science

 As a young medical student, Dr. David Casarett was inspired by the story of a two-year-old girl named Michelle Funk. Michelle fell into a creek and was underwater for over an hour. When she was found she wasn’t breathing, and her pupils were fixed and dilated. That drowning should have been fatal. But after three hours of persistent work, a team of doctors and nurses was able to bring her back. It was a miracle.

If Michelle could come back after three hours of being dead, what about twelve hours? Or twenty-four? What would it take to revive someone who had been frozen for one thousand years? And what does blurring the line between “life” and “death” mean for society? In Shocked, Casarett chronicles his exploration of the cutting edge of resuscitation and reveals just how far science has come.

It has been called “the great destroyer” and “the evil.” The Pentagon refers to it as “the pervasive menace.” It destroys cars, fells bridges, sinks ships, sparks house fires, and nearly brought down the Statue of Liberty. Rust costs America more than $400 billion per year—more than all other natural disasters combined.

Journalist Jonathan Waldman travels from Key West, Florida, to Prudhoe Bay, Alaska to learn how rust affects everything from the design of our currency to the composition of our tap water. Jonathan Waldman’s new book Rust: The Longest War explores how this substance could determine the legacy we leave on this planet.

Annie Jacobsen is the best-selling-author of Area 51 and Operation Paper Clip. Now drawing on years of research, exclusive interviews, and private documents Jacobs has written a history of Defense Advance Research Projects Agency (DARPA) the world's most powerful and advanced military science agency and the Government's most controversial secret weapon.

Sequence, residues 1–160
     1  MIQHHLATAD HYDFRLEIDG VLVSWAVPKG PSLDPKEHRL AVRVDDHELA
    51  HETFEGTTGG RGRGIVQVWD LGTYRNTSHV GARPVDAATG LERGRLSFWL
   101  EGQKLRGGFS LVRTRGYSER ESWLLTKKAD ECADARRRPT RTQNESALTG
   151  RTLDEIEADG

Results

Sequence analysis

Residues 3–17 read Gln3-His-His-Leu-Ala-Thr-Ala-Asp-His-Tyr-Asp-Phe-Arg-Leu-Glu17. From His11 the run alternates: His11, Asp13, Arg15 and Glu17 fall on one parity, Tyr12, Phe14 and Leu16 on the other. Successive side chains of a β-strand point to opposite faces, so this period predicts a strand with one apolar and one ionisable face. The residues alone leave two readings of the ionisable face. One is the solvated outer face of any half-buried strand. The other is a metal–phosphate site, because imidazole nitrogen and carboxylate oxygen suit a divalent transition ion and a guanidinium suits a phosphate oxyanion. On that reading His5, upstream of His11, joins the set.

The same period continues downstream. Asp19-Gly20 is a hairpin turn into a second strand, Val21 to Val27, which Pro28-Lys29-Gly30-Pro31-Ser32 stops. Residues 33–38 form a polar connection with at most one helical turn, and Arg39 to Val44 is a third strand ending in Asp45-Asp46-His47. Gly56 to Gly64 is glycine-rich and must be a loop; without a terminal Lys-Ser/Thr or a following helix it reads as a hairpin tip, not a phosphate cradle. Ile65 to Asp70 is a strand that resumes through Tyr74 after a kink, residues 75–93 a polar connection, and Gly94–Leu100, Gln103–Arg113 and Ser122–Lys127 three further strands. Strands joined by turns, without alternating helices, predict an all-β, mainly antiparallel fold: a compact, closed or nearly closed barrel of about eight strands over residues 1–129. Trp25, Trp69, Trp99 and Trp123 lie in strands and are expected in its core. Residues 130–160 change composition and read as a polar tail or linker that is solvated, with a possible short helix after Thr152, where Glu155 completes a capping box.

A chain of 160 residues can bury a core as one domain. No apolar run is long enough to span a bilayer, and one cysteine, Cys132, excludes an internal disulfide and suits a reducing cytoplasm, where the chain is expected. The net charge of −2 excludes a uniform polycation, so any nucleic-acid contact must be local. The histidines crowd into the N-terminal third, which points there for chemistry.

The name of the book is The Pentagon's Brain: An Uncensored History Of DARPA, America's Top-Secret Military Research Agency.

James Wellman on Flickr

  The Springfield Museums, located in the heart of downtown Springfield, Massachusetts, is comprised of five world-class museums; the Michele & Donald D'Amour Museum of Fine Arts, the George Walter Vincent Smith Art Museum, the Springfield Science Museum, and the Lyman & Merrie Wood Museum of Springfield History.

The Museums Association is proud to be home to the Dr. Seuss National Memorial Sculpture Garden, a series of full–scale bronze sculptures of Dr. Seuss's whimsical creations, honoring the birthplace of Theodor Geisel, a.k.a. Dr. Seuss.

Heather Haskell - Director of the Springfield Art Museums and Collections joins us this morning to discuss highlights from two of those those museums – The George Walter Vincent Smith Art Museum and D’Amour Museum of Fine Arts.

  Legendary "space statesman" Buzz Aldrin is a vital advocate for the continuing quest to push the boundaries of the universe as we know it.

As a pioneering astronaut who first set foot on the moon during mankind's first landing of Apollo 11--and as an aerospace engineer who designed an orbital rendezvous technique critical to future planetary landings--Aldrin has a vision, and in his new book, Mission to Mars: My Vision for Space Exploration, he plots out the path he proposes, taking humans to Mars by 2035.